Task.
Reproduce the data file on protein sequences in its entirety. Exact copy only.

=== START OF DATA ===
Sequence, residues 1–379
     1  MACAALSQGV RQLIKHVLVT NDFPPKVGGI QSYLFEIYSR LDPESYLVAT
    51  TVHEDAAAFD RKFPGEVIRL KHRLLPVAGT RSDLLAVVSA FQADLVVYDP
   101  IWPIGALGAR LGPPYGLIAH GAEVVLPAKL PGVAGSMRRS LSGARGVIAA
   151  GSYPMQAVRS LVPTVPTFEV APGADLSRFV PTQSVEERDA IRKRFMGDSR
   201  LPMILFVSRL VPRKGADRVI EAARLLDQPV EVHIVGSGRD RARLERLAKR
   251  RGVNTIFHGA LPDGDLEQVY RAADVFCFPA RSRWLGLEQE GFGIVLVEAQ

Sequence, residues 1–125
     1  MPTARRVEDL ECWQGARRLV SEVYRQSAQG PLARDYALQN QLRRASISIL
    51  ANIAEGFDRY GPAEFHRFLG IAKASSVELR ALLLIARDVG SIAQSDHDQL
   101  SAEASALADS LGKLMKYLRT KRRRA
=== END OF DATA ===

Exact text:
Sequence, residues 1–379
     1  MACAALSQGV RQLIKHVLVT NDFPPKVGGI QSYLFEIYSR LDPESYLVAT
    51  TVHEDAAAFD RKFPGEVIRL KHRLLPVAGT RSDLLAVVSA FQADLVVYDP
   101  IWPIGALGAR LGPPYGLIAH GAEVVLPAKL PGVAGSMRRS LSGARGVIAA
   151  GSYPMQAVRS LVPTVPTFEV APGADLSRFV PTQSVEERDA IRKRFMGDSR
   201  LPMILFVSRL VPRKGADRVI EAARLLDQPV EVHIVGSGRD RARLERLAKR
   251  RGVNTIFHGA LPDGDLEQVY RAADVFCFPA RSRWLGLEQE GFGIVLVEAQ

Sequence, residues 1–125
     1  MPTARRVEDL ECWQGARRLV SEVYRQSAQG PLARDYALQN QLRRASISIL
    51  ANIAEGFDRY GPAEFHRFLG IAKASSVELR ALLLIARDVG SIAQSDHDQL
   101  SAEASALADS LGKLMKYLRT KRRRA